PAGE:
Zn 5.0-8.5 Cu 1.0-2.6 Mg 1.0-2.9 Fe <0.3, preferably <0.15 Si <0.3, preferably <0.15,
optionally one or more elements selected from
Cr 0.03-0.25 Zr 0.03-0.25 Mn 0.03-0.4 V 0.03-0.2 Hf 0.03-0.5 Ti 0.01-0.15,
the total of the optional elements not exceeding 0.6 weight %, the balance aluminum and incidental impurities each <0.05%, and the total <0.20%, solution heat treating and quenching the product, stretching the quenched product by 1% to 5%, and preferably 1.5% to 3%, to arrive at a T451 temper, and thereafter shaping the product, e.g. by means of bending, pre-curving or milling, in order to obtain the predetermined shaped structure.
The predetermined shaped structure is then preferably artificially aged by either heating the product up to three times in a row to one or more temperatures from 79° C. to 165° C. or heating the predetermined shaped structure first to one or more temperatures from 79° C. to 145° C. for two hours or more or heating the shaped structure to one or more temperatures from 148° C. to 175° C. Thereafter, the shaped structure does not display any substantial distortion and—at the same time—the shaped structure shows an improved exfoliation corrosion resistance of “EB” or better measured in accordance with ASTM G34-97 and with about 15% greater yield strength than similar sized AA7x50 alloy counter-parts in the T76-temper condition.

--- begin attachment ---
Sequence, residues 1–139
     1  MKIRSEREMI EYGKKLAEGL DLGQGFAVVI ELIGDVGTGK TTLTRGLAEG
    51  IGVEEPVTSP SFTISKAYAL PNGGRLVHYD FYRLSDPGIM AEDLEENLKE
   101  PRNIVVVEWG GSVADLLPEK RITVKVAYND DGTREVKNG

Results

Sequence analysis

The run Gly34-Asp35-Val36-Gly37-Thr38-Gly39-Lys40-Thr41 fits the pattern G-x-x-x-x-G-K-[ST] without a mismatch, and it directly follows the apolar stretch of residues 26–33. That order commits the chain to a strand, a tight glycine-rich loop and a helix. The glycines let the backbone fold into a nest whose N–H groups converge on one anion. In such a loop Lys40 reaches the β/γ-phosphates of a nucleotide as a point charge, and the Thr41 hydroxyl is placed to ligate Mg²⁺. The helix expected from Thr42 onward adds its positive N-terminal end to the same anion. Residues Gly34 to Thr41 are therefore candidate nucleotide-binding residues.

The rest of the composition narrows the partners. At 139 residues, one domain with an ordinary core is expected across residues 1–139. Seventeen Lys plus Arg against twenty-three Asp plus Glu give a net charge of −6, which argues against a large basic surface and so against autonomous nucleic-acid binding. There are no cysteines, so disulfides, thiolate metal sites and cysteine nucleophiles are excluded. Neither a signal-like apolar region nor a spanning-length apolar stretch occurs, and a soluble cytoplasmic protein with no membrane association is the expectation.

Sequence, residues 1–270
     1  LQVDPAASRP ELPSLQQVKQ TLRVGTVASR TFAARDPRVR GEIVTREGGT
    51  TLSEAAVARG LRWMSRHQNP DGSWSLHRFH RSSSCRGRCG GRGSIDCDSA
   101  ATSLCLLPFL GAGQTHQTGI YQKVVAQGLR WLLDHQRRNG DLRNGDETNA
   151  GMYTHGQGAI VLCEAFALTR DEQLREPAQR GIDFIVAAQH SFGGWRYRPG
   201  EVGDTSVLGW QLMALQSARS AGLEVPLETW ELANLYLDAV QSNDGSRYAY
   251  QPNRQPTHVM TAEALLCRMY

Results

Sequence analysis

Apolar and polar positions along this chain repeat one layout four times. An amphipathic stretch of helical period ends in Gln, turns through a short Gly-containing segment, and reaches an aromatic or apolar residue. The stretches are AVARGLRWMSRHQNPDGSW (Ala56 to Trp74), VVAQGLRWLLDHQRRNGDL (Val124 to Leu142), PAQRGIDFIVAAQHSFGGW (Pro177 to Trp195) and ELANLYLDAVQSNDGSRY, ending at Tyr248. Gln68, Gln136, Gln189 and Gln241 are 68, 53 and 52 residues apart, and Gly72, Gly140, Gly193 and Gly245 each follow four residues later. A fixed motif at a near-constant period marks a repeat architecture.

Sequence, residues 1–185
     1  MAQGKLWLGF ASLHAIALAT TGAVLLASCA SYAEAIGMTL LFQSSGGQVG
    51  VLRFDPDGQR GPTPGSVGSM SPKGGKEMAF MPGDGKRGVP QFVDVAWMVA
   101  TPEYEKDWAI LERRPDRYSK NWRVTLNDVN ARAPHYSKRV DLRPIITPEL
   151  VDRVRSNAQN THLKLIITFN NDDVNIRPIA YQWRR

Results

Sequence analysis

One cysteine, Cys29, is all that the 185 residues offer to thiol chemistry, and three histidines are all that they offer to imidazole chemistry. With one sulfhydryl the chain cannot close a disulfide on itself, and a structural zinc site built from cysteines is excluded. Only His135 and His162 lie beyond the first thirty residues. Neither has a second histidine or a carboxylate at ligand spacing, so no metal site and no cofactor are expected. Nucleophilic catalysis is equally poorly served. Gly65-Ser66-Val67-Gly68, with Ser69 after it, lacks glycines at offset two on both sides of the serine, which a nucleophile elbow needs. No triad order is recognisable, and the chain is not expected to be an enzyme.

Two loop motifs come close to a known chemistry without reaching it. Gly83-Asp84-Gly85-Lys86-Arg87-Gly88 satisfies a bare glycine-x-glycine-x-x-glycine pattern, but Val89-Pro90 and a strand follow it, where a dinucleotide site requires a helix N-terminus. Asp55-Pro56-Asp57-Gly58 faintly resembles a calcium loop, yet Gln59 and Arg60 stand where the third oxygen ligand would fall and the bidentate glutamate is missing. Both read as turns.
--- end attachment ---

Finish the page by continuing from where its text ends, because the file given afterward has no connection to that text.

According to AMS 2772C typical ageing practice to arrive at the T7651 temper for the AA7050 alloy involves 3 to 6 hours at 121° C. followed by 12 to 15 hours at 163° C., whereas for the same alloy arriving at the T7451 temper involves 3 to 6 hours at 121° C. followed by 20 to 30 hours at 163° C. Typical ageing practice to arrive at the T7351 temper for the AA7475 alloy involves 6 to 8 hours at 121° C. followed by 24 to 30 hours at 163° C. And typical ageing practice for the AA7150 alloy to arrive at the T651 temper involves 24 hours at 121° C. or 24 hours at 121° C. followed by 12 hours at 160° C.